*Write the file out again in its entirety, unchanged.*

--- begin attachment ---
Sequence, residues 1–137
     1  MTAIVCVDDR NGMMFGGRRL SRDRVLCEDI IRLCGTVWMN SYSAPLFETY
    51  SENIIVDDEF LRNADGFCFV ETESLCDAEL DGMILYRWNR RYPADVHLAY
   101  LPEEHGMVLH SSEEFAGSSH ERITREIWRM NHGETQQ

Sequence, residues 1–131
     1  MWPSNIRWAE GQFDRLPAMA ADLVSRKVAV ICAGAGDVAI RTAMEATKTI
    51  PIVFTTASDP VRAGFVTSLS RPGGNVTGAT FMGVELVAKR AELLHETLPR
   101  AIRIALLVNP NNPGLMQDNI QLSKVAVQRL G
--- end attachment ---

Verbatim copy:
Sequence, residues 1–137
     1  MTAIVCVDDR NGMMFGGRRL SRDRVLCEDI IRLCGTVWMN SYSAPLFETY
    51  SENIIVDDEF LRNADGFCFV ETESLCDAEL DGMILYRWNR RYPADVHLAY
   101  LPEEHGMVLH SSEEFAGSSH ERITREIWRM NHGETQQ

Sequence, residues 1–131
     1  MWPSNIRWAE GQFDRLPAMA ADLVSRKVAV ICAGAGDVAI RTAMEATKTI
    51  PIVFTTASDP VRAGFVTSLS RPGGNVTGAT FMGVELVAKR AELLHETLPR
   101  AIRIALLVNP NNPGLMQDNI QLSKVAVQRL G